The truth is self-driving cars are hardly a solo effort. It’s not just down to carmakers to revolutionise the way we commute. Cars need to ‘talk’ to other cars, and roads, and buildings, and pedestrians. In every scenario that you can think of where you might have to swerve – or jam brake – to safeguard public and private properties, as well as lives, will have to apply to self-driving cars. As Business technology website Informationweek.com said: “The best way to make roads safer is to supplement, and eventually bypass, the weakest link in every vehicle’s crash avoidance system – the easily distracted, irrational, and sometimes dangerous human driver.”
That’s where Big Data steps into the picture. When cars talk to infrastructure and people (specifically their super-tapped-in mobile phones), that’s when they can truly claim to be safe. By linking to a connected world, you eliminate variables (the biggest being human error) and make self-driving safe.
INVENT, or INter VEhicular Network Technologies, a project by the New Jersey’s Science & Technology University, has been mapping a way to use “inter-vehicular networking, computing and sensing technologies” to make self-driving cars safe since 2014.
For a transport system akin to the one in Minority Report, vehicles need to avoid each other easily. The Mobility Transformation Center at MIT (Massachusetts Institute of Technology) is looking into using radiowaves to power Vehicle-To-Vehicle (V2V) and Vehicle-To-infrastructure (V2I) to do just that. Taking their cue from nature, Engineering Professor Larry Burns said, “Bees swarm. Geese flock. And they’re not running into each other.”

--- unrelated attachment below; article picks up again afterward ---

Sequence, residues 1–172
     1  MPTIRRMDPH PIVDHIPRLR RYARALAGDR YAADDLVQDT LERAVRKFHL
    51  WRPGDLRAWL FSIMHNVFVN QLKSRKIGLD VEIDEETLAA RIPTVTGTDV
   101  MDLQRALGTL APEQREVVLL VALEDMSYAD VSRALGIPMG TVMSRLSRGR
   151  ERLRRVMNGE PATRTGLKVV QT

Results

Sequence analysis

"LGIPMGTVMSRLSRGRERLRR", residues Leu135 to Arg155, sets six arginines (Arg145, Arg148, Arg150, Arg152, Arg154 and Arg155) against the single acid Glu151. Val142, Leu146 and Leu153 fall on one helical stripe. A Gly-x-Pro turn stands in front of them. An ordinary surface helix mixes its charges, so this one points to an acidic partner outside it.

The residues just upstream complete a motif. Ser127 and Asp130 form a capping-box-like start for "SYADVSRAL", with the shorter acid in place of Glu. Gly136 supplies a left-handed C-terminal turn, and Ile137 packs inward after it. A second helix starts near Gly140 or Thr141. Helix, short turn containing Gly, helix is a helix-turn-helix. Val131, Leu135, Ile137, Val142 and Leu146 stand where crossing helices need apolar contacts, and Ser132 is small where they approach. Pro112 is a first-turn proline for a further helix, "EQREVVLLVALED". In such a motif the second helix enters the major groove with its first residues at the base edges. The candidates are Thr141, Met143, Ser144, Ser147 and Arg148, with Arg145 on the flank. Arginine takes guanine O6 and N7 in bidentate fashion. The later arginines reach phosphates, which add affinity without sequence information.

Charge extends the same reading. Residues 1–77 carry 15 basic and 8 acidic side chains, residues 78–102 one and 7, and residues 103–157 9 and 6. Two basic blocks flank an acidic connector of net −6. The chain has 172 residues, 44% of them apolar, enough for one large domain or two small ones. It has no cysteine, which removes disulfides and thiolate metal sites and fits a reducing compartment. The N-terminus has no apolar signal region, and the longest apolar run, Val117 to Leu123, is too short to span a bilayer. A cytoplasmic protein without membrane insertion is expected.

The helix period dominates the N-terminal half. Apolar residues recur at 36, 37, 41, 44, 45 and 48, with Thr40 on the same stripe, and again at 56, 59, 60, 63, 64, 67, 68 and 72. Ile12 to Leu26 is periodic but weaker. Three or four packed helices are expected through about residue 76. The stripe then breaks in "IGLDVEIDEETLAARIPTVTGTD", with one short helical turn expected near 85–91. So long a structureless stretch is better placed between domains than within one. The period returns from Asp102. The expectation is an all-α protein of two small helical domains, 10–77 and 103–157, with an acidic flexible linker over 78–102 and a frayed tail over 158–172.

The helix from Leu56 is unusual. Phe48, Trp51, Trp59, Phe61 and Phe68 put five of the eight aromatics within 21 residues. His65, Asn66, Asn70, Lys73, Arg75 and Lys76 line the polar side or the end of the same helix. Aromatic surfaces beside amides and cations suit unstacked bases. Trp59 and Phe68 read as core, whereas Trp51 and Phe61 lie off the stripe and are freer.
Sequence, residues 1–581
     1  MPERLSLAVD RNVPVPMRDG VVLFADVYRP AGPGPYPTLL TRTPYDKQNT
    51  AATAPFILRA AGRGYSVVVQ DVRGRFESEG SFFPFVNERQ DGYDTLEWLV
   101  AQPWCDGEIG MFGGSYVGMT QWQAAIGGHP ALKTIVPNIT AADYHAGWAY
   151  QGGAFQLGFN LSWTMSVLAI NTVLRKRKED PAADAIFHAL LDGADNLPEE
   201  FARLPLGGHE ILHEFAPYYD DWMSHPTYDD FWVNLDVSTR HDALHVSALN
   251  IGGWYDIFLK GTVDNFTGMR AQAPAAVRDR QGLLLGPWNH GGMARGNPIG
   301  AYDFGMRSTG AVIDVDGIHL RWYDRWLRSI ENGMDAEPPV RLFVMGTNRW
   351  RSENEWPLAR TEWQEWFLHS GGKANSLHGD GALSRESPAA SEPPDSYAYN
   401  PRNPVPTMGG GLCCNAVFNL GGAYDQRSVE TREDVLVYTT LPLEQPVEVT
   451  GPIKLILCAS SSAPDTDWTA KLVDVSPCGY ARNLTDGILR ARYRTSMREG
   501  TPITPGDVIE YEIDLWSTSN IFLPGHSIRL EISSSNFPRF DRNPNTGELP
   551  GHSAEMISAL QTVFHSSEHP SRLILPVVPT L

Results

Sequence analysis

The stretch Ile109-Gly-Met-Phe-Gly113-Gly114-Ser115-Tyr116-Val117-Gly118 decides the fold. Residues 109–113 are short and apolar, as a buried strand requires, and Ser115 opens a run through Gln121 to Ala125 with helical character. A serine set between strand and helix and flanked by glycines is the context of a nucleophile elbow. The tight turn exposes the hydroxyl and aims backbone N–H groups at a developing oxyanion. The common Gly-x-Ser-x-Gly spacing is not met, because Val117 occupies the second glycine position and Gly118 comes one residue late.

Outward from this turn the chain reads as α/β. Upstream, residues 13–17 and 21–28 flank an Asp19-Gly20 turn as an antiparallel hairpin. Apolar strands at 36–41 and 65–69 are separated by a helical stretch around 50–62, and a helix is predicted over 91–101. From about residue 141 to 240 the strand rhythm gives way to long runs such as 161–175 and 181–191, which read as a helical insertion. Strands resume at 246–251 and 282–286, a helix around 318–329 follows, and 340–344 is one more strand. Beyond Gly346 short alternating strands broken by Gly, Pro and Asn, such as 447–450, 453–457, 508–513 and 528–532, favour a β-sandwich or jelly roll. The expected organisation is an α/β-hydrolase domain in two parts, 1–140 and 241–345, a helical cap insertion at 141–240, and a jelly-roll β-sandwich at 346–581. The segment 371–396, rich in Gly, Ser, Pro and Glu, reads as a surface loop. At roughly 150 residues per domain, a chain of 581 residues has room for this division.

(Featured photo and above via digital90210)
Since experts have been talking about Big Data and Artificial Intelligence for the last two years, why haven’t we seen more large scale trials based on that? For one, carmakers are not traditionally technology experts. And they’re not in the business of contributing to a mindless drone of transport that has no individuality. After all, cars are largely emotional purchases – and you’re more likely to buy a car that exudes your character, like a Tesla Model S.
For a transport infrastructure that swarms as in Minority Report, we may have to look at a future where carmakers sell to the government instead. And Singapore may just be the city to make that step.
According to a press release by A*Star Institute for Infocomm Research, the Land Transport Authority (LTA) is committed to research and development, as well as testing Autonomous Vehicle (AV) technology since 2014. LTA will play the regulatory role while A*Star contributes to the technology. Minister for Foreign Affairs and Minister-in-charge of the Smart Nation Initiative Dr Vivian Balakrishnan said the government is looking to trial autonomous mini-buses and vehicles, which would be available on-demand, in the next one to two years. This is to close the last-mile gap, to bring people from their homes to the Mass Rapid Transport (MRT) station or bus interchange, the minister said at IoTAsia 2016. True to his promise, Singapore set in motion the world’s first self-driving taxi in August – ahead of Uber’s trial in Pittsburg said The Straits Times.
The wealth of information gathered from Singapore’s trial and the one by Uber will pilot the way self-driving cars in the future talk to infrastructure and other vehicles. It may even pave the way for insurance companies to determine who is liable in a car accident – will it be the human driver (who’s prone to error), the smart car manufacturer or the government (who commissioned the trial)? We may even see the first iterations of Omni Consumer Products (OCP).